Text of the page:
US economic growth slows to 2.3%
US economic growth slowed to an annualised rate of 2.3% in the first quarter of 2018, the Commerce Department said on Friday.
The figure is better than the 2% economists had predicted, but still down from the rate of 2.9% seen in the fourth quarter of 2017.
Cautious consumer spending, which grew at its weakest pace in nearly five years, was blamed for the slowdown.
Businesses buying less equipment also held back the rate of growth.
Growth in consumer spending, which makes up more than two-thirds of US economic activity, eased to a 1.1% rate in the first three months of 2018. That was the slowest pace since the second quarter of 2013 and followed the fourth quarter's 4% growth surge.
Ian Shepherdson, chief economist at Pantheon Macroeconomics, said an intense hurricane season last year had increased the fourth quarter spending figures, as Americans replaced and repaired weather-damaged goods. That led to a spending lull in recent months.
Analysts expect growth will accelerate in the next quarter as US workers begin to see the impact of the Trump administration's $1.5 trillion income tax package trickle through to their pay cheques.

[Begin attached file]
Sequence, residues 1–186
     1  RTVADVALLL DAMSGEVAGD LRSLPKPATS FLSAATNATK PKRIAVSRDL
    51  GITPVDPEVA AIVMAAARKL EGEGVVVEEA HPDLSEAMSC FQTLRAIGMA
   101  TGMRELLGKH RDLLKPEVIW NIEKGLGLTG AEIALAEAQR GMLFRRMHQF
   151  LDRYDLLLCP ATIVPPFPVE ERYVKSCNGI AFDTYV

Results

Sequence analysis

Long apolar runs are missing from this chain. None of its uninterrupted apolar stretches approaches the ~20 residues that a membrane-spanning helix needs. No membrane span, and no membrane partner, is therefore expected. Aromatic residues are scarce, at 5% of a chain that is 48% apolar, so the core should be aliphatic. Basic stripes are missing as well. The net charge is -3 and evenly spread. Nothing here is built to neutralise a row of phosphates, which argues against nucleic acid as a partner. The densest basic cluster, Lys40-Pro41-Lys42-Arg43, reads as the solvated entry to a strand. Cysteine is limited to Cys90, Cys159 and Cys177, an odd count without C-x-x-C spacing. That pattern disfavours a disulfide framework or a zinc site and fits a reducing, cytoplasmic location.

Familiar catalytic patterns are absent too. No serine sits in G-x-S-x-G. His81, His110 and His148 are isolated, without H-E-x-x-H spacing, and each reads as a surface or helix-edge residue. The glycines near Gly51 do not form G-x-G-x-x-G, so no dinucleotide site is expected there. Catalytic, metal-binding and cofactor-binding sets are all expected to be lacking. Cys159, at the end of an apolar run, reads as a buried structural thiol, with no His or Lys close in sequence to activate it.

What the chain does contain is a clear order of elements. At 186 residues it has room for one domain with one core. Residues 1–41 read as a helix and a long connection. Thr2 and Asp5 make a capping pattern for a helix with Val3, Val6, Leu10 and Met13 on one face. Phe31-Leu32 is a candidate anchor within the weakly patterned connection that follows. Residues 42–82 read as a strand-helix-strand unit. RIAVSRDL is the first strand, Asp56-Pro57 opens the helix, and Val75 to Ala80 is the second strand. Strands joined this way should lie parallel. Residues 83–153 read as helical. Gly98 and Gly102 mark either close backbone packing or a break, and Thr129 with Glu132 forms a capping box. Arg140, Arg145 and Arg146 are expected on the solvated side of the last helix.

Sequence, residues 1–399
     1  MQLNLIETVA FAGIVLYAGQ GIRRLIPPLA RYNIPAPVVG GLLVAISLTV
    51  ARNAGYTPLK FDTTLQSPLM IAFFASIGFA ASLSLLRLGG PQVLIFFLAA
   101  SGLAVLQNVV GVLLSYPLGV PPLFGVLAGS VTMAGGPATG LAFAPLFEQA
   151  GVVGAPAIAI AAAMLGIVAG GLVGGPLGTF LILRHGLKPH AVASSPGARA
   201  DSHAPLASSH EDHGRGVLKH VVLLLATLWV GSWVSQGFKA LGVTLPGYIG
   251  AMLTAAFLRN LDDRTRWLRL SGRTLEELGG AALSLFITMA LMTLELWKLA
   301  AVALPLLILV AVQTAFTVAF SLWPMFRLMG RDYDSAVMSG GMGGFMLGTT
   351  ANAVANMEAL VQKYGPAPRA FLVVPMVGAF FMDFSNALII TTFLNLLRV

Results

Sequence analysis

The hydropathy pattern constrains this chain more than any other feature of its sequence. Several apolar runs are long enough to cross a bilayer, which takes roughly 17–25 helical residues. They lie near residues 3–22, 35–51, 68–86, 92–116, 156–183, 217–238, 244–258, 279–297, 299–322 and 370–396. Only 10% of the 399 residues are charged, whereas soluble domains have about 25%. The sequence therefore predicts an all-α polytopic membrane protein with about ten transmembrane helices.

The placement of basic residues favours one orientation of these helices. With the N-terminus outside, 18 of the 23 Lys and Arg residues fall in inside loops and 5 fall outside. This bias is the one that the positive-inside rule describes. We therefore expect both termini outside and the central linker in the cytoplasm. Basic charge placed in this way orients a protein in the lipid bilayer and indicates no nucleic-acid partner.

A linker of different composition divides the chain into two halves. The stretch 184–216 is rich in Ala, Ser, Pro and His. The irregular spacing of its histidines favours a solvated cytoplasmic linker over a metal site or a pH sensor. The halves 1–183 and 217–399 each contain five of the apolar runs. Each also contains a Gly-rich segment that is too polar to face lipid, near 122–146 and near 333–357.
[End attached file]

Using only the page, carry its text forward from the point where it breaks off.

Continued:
Nancy Curtin, chief investment officer at Close Brothers Asset Management, said: "These weaker first quarter growth figures are unsurprising in the context of historic seasonal weakness of this quarter in the US, exacerbated by severe weather. We should not be disheartened."
Ms Curtin added that, despite these figures, President Trump may be able to deliver on his "bombastic growth ambitions".
"Earnings have stabilised, and the benefits of last year's tax reforms are starting to materialise, though the actual spending of money will take time."
US Federal Reserve rate-setters are expected to ignore the tepid first-quarter growth figure. The US central bank raised interest rates in March, due to the stronger labour market and economy, and forecast at least two rate hikes this year.
Minutes from the Federal Open Market Committee meeting published earlier this month showed policymakers "expected that the first-quarter softness would be transitory".
Economists say the Fed is not expected to raise interest rates at its meeting next week, but there may be added pressure on the central bank to tighten policy more quickly if the economy continues to pick up.